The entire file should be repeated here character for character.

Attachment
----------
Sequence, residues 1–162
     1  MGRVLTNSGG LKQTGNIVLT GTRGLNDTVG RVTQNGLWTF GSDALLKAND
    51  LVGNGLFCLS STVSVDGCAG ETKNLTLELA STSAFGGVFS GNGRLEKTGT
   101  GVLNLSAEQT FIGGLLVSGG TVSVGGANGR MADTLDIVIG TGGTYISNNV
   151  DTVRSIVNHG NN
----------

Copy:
Sequence, residues 1–162
     1  MGRVLTNSGG LKQTGNIVLT GTRGLNDTVG RVTQNGLWTF GSDALLKAND
    51  LVGNGLFCLS STVSVDGCAG ETKNLTLELA STSAFGGVFS GNGRLEKTGT
   101  GVLNLSAEQT FIGGLLVSGG TVSVGGANGR MADTLDIVIG TGGTYISNNV
   151  DTVRSIVNHG NN